High performance, uniform density, cost competitive alternative to Amazon balsa wood AND PET
Wind turbine blades, airplanes and boats are made from balsa wood which has low density and high strength. These unique characteristics deliver the necessary compressive and sheer strength, fatigue and impact performance.
In the case of wind turbine blades, shaped balsa wood is sandwiched in the core of the blade and surrounded with styrene resonated glass fibre mats. Today’s giant 100m+ blades require 150 cubic meters of balsa.
Balsa is harvested from Amazon rainforests vital for carbon capture and the livelihood and sustainability of indigenous communities. Thanks to dramatically increasing demand for renewable energy, supplies are now limited and very expensive. Legal balsa exports doubled between 2019 and 2020 and by 2020 demand outstripped supply and balsa prices tripled.
Historically, Ecuador supplied more than 95% of commercial balsa until those forests were exterminated. About 60% of balsa is now plantation grown to ensure a consistent supply for wind blade manufacturing. It has also moved to Peru where a black market is thriving thanks to reduction in controls as a result of the pandemic.
Balsa is fast-growing but doesn’t grow quickly enough on balsa plantations to extract whole logs large enough to cut long boards. Manufacturers have resorted to gluing together cross-cut squares from trunks of trees to form stress skin panels.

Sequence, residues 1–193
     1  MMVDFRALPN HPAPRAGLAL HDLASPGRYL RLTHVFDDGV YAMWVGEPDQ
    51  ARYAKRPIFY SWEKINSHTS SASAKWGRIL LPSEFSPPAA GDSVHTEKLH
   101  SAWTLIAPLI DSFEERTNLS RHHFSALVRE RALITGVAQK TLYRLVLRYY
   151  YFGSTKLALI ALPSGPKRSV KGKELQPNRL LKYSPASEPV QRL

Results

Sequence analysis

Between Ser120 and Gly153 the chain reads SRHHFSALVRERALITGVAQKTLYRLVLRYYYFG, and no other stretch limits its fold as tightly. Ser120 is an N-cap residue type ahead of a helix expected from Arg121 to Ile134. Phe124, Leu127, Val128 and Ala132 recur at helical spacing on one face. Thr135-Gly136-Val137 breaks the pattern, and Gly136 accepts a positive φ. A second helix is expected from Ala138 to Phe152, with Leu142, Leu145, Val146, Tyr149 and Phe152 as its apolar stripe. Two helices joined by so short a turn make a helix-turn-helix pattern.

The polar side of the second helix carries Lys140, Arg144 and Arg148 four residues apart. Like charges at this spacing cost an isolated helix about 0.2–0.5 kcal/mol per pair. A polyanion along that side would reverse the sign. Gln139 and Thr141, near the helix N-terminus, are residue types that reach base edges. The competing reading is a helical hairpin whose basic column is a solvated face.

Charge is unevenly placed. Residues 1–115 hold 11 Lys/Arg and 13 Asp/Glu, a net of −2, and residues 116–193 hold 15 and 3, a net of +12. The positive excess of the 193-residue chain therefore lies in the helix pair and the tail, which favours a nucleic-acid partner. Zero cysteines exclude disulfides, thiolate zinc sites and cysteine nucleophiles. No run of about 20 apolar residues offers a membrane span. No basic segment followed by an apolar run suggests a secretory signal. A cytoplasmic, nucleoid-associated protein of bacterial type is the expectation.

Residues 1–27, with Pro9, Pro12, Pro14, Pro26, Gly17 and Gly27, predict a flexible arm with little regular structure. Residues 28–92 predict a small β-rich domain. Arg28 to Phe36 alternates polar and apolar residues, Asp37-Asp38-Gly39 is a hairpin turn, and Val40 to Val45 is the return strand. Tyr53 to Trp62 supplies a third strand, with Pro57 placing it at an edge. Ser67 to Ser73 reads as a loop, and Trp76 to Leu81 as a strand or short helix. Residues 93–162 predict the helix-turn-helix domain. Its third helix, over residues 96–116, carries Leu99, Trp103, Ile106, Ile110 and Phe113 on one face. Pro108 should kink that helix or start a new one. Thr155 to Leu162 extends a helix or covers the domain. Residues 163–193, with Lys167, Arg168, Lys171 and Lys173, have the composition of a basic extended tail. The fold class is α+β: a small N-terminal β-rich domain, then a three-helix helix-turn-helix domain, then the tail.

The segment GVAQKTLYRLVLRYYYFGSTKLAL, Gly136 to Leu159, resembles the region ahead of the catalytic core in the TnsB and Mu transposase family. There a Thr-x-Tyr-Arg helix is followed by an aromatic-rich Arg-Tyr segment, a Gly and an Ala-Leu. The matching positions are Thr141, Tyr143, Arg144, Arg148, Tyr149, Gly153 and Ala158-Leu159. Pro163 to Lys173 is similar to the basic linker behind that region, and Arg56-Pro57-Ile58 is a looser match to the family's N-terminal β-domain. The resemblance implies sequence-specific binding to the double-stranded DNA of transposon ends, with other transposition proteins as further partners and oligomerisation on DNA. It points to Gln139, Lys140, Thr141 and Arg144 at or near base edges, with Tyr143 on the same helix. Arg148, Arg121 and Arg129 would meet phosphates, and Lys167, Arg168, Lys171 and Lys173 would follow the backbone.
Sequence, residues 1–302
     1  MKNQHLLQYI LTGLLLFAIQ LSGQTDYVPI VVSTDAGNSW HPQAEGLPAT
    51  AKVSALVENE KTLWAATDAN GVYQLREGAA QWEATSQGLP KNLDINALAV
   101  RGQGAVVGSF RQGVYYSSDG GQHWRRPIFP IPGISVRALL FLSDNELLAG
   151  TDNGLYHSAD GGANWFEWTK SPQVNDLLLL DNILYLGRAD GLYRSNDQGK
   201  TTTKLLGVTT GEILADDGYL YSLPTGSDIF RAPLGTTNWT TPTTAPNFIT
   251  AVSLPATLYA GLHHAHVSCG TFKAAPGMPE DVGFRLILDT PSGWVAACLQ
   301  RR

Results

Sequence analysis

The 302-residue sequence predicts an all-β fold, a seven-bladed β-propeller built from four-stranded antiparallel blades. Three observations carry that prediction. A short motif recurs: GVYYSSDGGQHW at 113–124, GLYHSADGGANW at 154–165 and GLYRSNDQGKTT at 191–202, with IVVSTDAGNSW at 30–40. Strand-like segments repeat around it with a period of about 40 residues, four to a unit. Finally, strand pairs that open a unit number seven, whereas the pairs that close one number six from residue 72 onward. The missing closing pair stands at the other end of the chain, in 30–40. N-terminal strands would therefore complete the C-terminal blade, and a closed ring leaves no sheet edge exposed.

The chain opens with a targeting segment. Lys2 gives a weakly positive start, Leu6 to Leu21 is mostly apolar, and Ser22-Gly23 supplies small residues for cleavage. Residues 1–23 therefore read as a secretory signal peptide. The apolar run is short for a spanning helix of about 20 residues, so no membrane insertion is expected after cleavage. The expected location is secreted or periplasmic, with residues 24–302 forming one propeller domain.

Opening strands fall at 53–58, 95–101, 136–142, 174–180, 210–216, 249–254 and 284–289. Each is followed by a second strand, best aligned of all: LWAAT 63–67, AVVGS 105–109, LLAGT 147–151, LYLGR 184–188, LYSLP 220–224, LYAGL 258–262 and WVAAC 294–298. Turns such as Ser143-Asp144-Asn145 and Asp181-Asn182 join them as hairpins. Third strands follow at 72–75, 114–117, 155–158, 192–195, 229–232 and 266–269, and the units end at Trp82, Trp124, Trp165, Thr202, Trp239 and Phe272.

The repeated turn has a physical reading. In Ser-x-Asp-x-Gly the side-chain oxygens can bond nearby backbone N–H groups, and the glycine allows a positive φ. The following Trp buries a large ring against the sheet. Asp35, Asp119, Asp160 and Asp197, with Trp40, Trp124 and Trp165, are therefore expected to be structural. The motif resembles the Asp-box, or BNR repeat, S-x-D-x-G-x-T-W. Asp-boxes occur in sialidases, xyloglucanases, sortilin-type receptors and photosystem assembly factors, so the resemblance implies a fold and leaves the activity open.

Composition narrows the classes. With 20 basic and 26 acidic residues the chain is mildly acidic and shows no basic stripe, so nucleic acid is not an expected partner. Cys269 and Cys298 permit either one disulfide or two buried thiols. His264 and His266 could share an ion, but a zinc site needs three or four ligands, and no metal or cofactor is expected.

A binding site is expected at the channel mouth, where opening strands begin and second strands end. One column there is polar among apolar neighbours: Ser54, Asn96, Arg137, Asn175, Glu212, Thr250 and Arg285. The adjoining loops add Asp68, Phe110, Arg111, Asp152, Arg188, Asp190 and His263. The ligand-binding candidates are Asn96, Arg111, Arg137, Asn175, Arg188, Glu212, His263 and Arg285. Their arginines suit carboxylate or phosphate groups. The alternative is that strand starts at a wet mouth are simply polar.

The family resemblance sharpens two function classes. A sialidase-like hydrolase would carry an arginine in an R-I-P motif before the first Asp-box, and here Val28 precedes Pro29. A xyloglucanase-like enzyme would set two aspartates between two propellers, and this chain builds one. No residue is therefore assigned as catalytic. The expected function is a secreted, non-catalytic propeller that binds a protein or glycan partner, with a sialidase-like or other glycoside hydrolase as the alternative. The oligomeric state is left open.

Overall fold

This development has added considerable cost to manufacturing balsa dimensional sheets, since each cross-cut section of tree stalk has to be cut in a rectangular shape to allow block-to-block gluing to form desired planks. In addition, cross-cut balsa planks have very little flexural modulus strength due to loading being applied in the fiber direction, rather than across the fiber direction as is typical for normal wood products. To strengthen cross-cut balsa, manufacturers add toxic styrene adhesives and glass fibre, which is energy intensive to manufacture.
As the supply of balsa diminishes and the cost increases, one leading blade manufacturer has resorted to using PET and PVC foams in blade tips, however balsa is still required to provide shear modulus for the root section of the blade. Neither PET or PVC are price competitive or sustainable.
INCA BioBalsa is the high performance, sustainable cost competitive alternative
Constructed from hemp hurd cellulose, BioBalsa offers comparable density to balsa of 10 lbs/ft3 (160 kg/m3) — but with better compressive strength thanks to randomness of fibre placement — which delivers uniform strength in all directions. Unlike balsa, it can be formulated to reject moisture and adjusted to specific binding resins and flame resistance specifications. Similar to balsa, but unlike PET and PVC, it has the sheer strength required for installation in all sections of the wind turbine blade – including the root section.
Versus balsa, PET or PVC, INCA BioBalsa is sustainable at every stage of its lifecycle. While growing, hemp sequesters 8-15 tonnes of CO2E per acre.
INCA acquires hemp from the Canadian Prairies where hemp is sustainably grown for protein. INCA decorticates the waste stream into fibre and hurd for our advanced composites product line. This puts the waste biomass to productive use and provides farmers with an additional revenue stream.
Our manufacturing process results in significant reductions in carbon emissions and waste versus the alternatives. After decommissioning, new technologies have been developed that will enable blades to be deconstructed and the individual materials recycled. INCA BioBalsa will be 100% made in Canada.
INCA BioBalsa delivers high performance and 164% less carbon impact than PET and 107% less than balsa
Protects Rainforest Habitat and Species
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